I am currently a doctoral candidate at the Vienna Graduate School of Finance and will join the Department of Economics at the University in Copenhagen as a tenure-track assistant professor in finance from August 2020.
I have a deep interest in the economic implications and evolution of blockchain-based settlement in financial markets. I pursue research questions related to market fragmentation, high frequency trading and big data in financial applications. My research is thus anchored in the intersection of market microstructure, asset pricing and financial econometrics.
PhD in Finance, exp. 2020
Vienna University of Economics and Business
MSc in Mathematical Finance, 2015
University of Konstanz
Distributed ledger technologies replace trusted clearing counterparties and security depositories with time-consuming consensus protocols to record the transfer of ownership. This settlement latency exposes cross-market arbitrageurs to price risk. We theoretically derive arbitrage bounds that increase with expected latency, latency uncertainty, volatility and risk aversion. Using Bitcoin orderbook and network data, we estimate arbitrage bounds of on average 121 basis points, explaining 91% of the observed cross-market price differences. Consistent with our theory, periods of high latency-implied price risk exhibit large price differences, while asset flows chase arbitrage opportunities. Blockchain-based settlement thus introduces a non-trivial friction that impedes arbitrage activity.
Costs on cross-market trading impose limits to arbitrage and harm price informativeness in fragmented markets. I quantify the impact of the time-consuming settlement process in the market for Bitcoin on arbitrageurs activity. The estimation rests on a novel threshold error correction model that exploits the notion that arbitrageurs suspend trading activity when arbitrage costs exceed price differences. I estimate substantial arbitrage costs that explain 63% of the observed price differences, where more than 75% of these costs can be attributed to settlement latency. I also find that a 10~bp decrease in latency-related arbitrage costs simultaneously results in a 3~bp increase of the quoted bid-ask spreads. I reconcile this finding in a theoretical model in which liquidity providers set larger spreads to cope with the higher adverse selection risks imposed by increased arbitrage activity. Consequently, efforts to reduce the latency of blockchain-based settlement might have unintended consequences for liquidity provision. In markets with substantial adverse selection risk, faster settlement may thus even harm price informativeness.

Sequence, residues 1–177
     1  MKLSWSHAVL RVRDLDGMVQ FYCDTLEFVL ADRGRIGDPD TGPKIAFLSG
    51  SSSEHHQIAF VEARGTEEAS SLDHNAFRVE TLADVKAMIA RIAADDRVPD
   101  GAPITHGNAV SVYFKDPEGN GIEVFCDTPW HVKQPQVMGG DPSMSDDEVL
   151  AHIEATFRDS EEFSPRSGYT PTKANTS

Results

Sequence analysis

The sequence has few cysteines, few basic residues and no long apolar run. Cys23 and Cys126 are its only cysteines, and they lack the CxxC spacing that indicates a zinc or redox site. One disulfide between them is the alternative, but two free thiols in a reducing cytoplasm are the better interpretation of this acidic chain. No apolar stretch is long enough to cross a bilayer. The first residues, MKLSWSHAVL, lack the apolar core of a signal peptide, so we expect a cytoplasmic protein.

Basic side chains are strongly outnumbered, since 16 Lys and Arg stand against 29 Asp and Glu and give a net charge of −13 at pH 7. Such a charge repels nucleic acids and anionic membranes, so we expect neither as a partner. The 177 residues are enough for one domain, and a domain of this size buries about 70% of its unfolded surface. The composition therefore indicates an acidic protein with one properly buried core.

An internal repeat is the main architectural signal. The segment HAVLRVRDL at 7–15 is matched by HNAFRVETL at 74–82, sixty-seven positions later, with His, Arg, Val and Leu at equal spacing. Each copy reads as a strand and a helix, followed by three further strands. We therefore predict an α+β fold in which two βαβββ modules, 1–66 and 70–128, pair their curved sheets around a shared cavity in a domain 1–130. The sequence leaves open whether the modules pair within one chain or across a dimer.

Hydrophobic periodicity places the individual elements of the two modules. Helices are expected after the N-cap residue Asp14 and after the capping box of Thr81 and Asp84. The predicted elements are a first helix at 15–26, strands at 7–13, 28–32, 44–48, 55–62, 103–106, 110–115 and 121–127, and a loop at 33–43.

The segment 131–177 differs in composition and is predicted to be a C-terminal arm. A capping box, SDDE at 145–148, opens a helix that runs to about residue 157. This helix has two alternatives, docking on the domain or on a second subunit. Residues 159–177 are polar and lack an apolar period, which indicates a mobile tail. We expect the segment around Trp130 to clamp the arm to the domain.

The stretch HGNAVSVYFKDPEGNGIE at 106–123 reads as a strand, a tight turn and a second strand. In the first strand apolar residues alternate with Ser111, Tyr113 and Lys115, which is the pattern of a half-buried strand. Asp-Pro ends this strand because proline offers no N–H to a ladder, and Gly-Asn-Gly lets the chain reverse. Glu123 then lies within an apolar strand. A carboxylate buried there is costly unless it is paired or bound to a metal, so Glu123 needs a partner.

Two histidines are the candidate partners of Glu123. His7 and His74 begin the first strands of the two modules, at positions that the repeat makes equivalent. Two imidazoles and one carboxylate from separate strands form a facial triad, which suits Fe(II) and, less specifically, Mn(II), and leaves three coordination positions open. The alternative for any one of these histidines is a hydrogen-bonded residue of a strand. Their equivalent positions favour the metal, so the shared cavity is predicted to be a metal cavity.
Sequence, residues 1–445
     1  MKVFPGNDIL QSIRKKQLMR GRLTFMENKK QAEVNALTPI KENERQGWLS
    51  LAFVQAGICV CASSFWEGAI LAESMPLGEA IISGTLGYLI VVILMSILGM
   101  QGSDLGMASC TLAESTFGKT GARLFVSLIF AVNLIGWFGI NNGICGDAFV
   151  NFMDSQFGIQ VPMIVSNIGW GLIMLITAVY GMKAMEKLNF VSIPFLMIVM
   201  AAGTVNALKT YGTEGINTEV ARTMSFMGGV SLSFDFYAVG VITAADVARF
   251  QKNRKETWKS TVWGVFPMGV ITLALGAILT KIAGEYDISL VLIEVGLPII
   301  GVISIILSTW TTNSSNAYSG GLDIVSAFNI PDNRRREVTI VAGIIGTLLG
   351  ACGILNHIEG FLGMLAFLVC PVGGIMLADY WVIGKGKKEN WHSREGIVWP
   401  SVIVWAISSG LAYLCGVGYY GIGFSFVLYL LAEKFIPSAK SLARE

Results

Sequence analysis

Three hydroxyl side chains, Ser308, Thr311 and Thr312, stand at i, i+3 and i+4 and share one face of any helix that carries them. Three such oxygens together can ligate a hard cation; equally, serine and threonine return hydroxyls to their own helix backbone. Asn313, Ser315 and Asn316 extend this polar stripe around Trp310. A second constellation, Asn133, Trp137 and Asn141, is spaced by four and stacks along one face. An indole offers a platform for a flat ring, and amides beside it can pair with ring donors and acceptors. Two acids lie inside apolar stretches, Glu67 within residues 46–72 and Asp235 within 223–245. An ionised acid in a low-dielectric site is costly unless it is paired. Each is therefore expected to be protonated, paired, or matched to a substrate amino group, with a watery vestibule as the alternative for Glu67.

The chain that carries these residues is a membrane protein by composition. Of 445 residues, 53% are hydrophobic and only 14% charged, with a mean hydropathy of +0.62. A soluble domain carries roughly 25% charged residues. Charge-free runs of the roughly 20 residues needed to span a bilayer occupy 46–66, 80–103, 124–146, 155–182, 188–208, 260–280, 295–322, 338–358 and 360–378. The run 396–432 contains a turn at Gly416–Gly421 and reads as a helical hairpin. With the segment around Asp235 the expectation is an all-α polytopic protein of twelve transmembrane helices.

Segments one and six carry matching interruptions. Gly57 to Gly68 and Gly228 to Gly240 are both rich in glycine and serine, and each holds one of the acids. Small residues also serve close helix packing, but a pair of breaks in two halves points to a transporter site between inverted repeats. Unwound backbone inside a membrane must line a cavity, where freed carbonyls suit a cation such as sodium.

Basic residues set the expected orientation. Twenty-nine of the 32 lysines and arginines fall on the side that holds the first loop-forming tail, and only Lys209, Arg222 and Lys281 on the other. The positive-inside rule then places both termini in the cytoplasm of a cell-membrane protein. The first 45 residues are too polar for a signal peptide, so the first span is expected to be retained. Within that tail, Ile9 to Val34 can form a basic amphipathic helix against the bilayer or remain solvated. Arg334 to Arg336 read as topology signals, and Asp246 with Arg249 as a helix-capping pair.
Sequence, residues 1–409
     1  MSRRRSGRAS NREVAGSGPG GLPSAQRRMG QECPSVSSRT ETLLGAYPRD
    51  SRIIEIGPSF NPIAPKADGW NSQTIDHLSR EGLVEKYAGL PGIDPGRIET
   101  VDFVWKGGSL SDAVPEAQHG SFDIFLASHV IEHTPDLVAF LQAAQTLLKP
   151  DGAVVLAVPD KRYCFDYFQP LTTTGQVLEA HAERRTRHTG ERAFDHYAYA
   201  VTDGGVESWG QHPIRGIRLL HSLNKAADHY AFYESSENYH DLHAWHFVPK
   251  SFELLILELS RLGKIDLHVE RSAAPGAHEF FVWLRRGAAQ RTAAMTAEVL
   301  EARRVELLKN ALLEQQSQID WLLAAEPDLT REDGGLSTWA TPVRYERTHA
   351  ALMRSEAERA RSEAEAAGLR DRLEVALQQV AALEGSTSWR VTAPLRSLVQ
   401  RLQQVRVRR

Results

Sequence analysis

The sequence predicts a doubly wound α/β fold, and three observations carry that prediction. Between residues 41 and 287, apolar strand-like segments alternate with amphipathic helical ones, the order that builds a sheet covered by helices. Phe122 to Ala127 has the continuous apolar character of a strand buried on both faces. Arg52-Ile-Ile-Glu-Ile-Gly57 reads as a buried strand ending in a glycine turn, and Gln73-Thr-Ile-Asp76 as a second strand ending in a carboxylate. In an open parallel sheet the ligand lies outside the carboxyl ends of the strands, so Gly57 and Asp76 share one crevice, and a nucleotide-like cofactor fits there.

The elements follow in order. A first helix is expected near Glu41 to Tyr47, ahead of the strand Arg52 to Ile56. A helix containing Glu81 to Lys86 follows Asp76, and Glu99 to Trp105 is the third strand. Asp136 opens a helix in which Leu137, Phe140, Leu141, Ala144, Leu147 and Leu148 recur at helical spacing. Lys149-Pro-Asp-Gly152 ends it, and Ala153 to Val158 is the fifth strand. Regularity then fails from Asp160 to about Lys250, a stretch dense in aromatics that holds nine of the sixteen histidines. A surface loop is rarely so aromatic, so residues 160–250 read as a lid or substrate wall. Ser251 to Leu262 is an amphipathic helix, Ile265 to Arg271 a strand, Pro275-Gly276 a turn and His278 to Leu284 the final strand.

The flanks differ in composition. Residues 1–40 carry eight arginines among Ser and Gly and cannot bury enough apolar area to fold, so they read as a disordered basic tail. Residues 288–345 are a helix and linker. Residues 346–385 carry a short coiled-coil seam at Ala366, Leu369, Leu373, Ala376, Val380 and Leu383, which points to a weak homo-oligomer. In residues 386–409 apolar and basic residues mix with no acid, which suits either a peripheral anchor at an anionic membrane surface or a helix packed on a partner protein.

We theoretically and empirically study portfolio optimization under transaction costs and establish a link between turnover penalization and covariance shrinkage with the penalization governed by transaction costs. We show how the ex ante incorporation of transaction costs shifts optimal portfolios towards regularized versions of efficient allocations. The regulatory effect of transaction costs is studied in an econometric setting incorporating parameter uncertainty and optimally combining predictive distributions resulting from high-frequency and low-frequency data. In an extensive empirical study, we illustrate that turnover penalization is more effective than commonly employed shrinkage methods and is crucial in order to construct empirically well-performing portfolios.
Some of my lecture notes for students: